2.2 Fracture of Polymer Composites
Fracture c an als o be st udied in pol ymers, glas s and ceramics which ar e brit tle m aterial s. Polymer
composite materials often show a mixture of ductile and brittle failure processes. There are
several fracture modes in polymer composites such as delamination or interlaminar fracture,
matrix cracking or i ntralam inar fract ure, matrix-fiber debonding, fiber breaking, fiber pullout etc
[3]. In the fiber reinforced polymer composite, the matrix absorbs energy in tearing while the
high strength fibers break by brittle cleavage [4]. The surface of fibers pulled out from the matrix
can also be seen. The factors that contribute to the fiber reinforced composites toughness are:
debonding between matrix and fibers, the cracks deflection due to tilting or twisting movement
around the fiber. The fibers pullout of the matrix by the pull out mechanism and dissipate energy
by friction. The pulled fibers may bridge both the crack surfaces, absorbing the applied stress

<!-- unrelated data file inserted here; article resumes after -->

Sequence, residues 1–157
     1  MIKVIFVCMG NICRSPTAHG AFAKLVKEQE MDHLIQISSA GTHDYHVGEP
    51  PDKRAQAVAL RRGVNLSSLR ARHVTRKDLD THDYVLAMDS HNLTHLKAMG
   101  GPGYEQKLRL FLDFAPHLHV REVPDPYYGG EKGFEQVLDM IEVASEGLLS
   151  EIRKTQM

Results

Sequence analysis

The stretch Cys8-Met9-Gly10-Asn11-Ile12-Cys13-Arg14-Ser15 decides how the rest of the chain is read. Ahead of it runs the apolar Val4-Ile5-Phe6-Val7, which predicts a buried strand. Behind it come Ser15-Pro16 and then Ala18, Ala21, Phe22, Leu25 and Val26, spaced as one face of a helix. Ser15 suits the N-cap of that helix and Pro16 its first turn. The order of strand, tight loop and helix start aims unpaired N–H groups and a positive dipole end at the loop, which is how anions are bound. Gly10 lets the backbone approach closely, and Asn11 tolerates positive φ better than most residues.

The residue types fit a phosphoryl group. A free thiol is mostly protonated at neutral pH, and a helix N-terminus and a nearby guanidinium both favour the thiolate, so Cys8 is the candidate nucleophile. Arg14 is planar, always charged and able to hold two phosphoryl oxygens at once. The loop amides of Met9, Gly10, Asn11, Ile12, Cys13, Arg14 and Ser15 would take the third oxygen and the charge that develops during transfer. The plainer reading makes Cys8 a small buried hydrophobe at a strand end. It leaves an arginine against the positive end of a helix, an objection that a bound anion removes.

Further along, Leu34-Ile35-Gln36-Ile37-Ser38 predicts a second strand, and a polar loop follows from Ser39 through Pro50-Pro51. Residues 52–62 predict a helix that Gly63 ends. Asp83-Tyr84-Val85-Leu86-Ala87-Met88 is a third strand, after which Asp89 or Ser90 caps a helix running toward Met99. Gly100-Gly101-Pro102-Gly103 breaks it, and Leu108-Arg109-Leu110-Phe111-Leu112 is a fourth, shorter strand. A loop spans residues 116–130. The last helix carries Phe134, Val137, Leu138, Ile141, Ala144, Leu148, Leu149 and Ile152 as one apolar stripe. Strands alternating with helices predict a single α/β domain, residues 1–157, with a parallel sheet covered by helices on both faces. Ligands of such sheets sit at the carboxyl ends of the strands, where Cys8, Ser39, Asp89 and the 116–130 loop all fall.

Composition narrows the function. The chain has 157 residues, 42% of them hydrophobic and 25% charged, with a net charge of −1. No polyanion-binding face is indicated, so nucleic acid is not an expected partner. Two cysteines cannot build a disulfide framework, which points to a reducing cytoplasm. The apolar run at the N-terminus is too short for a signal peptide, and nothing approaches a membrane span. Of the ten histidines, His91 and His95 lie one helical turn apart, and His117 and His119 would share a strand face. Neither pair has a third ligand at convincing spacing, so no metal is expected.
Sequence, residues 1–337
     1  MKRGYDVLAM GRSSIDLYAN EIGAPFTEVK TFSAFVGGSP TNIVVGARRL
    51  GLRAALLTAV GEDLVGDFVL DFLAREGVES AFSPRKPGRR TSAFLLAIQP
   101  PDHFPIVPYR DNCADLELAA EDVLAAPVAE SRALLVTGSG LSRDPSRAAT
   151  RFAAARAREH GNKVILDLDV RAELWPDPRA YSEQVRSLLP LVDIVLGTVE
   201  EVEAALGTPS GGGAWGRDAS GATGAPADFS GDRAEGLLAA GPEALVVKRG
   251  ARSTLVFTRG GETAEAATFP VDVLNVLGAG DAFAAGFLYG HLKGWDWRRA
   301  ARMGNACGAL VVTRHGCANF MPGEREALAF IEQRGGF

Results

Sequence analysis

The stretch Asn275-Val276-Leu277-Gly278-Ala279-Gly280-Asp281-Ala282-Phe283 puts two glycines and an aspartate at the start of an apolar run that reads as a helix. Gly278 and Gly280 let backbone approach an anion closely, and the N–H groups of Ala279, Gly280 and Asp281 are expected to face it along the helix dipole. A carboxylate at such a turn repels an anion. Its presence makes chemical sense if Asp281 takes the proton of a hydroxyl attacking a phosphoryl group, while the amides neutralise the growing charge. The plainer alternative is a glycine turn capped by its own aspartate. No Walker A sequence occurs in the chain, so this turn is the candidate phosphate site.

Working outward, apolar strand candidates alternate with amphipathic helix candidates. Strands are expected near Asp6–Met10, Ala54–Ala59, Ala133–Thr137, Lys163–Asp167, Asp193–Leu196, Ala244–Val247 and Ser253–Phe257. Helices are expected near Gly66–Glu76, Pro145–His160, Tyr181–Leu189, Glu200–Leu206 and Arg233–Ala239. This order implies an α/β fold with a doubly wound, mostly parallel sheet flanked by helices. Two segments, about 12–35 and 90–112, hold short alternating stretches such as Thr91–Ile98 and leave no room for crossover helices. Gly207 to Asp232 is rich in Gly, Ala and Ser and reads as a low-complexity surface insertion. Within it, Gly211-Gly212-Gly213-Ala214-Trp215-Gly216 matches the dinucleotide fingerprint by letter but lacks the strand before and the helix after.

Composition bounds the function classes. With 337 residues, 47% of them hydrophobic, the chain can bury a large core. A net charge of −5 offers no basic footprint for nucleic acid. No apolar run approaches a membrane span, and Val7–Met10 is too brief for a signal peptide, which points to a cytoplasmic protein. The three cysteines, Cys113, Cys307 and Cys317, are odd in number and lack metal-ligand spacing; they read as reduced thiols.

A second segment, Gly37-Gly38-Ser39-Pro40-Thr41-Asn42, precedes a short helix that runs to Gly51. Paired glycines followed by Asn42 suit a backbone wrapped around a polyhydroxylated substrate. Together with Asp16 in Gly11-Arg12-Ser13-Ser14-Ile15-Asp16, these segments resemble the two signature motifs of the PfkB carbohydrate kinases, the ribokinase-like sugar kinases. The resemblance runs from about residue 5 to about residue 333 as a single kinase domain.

and delay the crack growth.
2.3 Interlaminar (Delamination) Fracture Toughness
Interlaminar fracture is one of the major problems for fiber reinforced polymer composites. Its
occurrence greatly reduces the stiffness of a structure, leading to failure during service [5]. The
structural performance of laminated composites is seriously affected by delaminations. The
interlaminar performance is characterized by weakness under both tensile and shear stresses.
Such interlaminar stresses become significant and affect the overall performance where
geometrical and material discontinuities exist. Delamination and their growth are characterized